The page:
Although some cybersecurity incident-related securities lawsuits have proven to be successful for plaintiffs (refer, for example, here), many of these lawsuits have not gotten very far. The latest data breach-related securities lawsuit to hit the skids is suit filed last year against Zendesk. As discussed below, on November 9, 2020, Northern District of California Judge Charles Breyer granted the defendants’ motion to dismiss in the Zendesk lawsuit. A copy of Judge Breyer’s order can be found here.
Continue Reading Zendesk Data Breach-Related Securities Lawsuit Dismissed

Corruption and bribery enforcement actions and criminal prosecutions have long been a source of follow-on civil actions, including in particular securities class action lawsuits, as I have noted in numerous prior posts on this site. Two recent securities class action lawsuit filings underscore the significance of this follow-on securities suit filing phenomenon and also highlight the seriousness that many of these kinds of claims can involve.
Continue Reading Corruption Allegations Lead to Serious Follow-On Securities Suit Filings

Syed Ahmad
Andrea DeField

Regular readers of this blog know that a recurring D&O insurance coverage issue is a question of whether or not the D&O policy provides coverage for various types of regulatory and prosecutorial investigations. In the following guest post, Syed Ahmad and Andrea DeField  take a look at a recent Delaware Superior Court decision in which the court held that the D&O policy at issue provides coverage for costs incurred in responding to a civil investigative demand (CID). Syed is a partner and Andrea is an associate at the Hunton Andrews Kurth LLP law firm. I would like to thank Syed and Andrea for allowing me to publish their article on this site. I welcome guest post submissions from responsible authors on topics of interest to this site’s readers. Please contact me directly if you would like to submit a guest post. Here is Syed and Andrea’s article.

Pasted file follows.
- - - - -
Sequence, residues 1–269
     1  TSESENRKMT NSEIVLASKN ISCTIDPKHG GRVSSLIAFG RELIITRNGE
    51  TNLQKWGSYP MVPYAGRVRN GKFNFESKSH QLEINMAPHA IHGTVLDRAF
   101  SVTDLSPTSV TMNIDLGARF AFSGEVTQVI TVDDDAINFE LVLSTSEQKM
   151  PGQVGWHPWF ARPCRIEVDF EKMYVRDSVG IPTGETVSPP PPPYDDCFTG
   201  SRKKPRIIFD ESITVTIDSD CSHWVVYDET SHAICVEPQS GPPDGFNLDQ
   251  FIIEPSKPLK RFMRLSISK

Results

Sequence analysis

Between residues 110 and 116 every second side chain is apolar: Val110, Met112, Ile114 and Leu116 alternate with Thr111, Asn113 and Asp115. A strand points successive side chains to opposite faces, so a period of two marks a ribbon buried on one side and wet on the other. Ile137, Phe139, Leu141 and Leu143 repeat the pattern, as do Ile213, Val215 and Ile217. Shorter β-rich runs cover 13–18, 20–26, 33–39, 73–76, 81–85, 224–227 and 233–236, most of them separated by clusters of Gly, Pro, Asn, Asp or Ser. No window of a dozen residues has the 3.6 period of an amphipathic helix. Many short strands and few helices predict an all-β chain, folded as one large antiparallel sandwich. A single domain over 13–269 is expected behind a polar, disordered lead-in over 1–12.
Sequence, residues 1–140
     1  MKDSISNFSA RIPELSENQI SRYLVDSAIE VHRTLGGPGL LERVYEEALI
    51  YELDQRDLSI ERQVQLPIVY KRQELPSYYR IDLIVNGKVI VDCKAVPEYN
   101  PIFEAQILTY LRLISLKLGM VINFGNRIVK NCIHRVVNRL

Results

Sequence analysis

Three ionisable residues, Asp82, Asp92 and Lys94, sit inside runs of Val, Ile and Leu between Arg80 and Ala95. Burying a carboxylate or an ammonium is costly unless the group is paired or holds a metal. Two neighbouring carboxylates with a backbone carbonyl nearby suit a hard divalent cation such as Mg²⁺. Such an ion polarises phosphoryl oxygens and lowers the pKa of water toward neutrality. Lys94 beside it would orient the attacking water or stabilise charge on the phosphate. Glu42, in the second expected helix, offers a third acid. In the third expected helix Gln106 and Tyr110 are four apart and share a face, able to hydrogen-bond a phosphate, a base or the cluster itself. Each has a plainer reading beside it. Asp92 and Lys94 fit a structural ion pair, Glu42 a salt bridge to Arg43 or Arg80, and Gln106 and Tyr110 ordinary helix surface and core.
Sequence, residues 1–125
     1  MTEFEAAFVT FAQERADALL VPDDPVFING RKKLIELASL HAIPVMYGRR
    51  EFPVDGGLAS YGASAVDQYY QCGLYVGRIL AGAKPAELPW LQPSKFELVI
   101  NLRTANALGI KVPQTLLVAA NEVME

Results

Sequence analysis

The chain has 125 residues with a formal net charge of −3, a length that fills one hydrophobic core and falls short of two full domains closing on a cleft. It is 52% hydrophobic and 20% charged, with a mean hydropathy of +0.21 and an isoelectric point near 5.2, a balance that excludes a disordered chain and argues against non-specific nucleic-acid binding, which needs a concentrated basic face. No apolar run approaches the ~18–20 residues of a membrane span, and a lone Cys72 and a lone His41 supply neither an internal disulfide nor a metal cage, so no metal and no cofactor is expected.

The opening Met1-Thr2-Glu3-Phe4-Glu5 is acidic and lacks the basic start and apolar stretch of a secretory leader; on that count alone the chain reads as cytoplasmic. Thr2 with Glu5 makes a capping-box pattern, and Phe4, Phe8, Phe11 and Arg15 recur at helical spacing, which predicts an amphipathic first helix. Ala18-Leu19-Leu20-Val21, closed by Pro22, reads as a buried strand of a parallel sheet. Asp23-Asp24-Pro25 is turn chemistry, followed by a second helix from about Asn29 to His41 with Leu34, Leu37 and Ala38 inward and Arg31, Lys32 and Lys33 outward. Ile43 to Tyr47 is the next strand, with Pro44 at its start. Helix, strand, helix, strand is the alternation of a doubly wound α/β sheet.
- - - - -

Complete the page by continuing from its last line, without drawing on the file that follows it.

Continue Reading Guest Post: Delaware Court Weighs In on the CID Coverage Debate

The number of workplace discrimination charges filed with the U.S. Equal Employment Opportunity Commission during Fiscal Year 2018 (which ended September 30, 2018) declined to the lowest level since FY 2006, according the EEOC’s recent statistical release. But while the  number of charges overall are down, the number of sexual harassment charges increased, as did the number of sexual harassment lawsuits the agency filed. The increase in sexual harassment actions seems to suggest a greater awareness of these issues in the wake of the #MeToo movement. The EEOC’s enforcement and litigation statistics can be found here. The EEOC’s April 10, 2019 press release about the 2018 FY statistics can be found here.
Continue Reading EEOC Charges Overall Down, But Sexual Harassment Charges Increased

Paul Ferrillo

In the following guest post, Paul Ferrillo,  a partner in the law firm Greenberg Traurig LLP in New York City, takes a look a six recurring problems that directors can have with their D&O insurance and how to avoid them. I would like to thank Paul for allowing me to publish his article as a guest post on this site. I welcome guest post submissions from responsible authors on topics of interest to this blog’s readers. Please contact me directly if you would like to submit an article. Here is Paul’s article.
Continue Reading Guest Post: Six Avoidable Problems Directors Can Have With Their D&O Insurance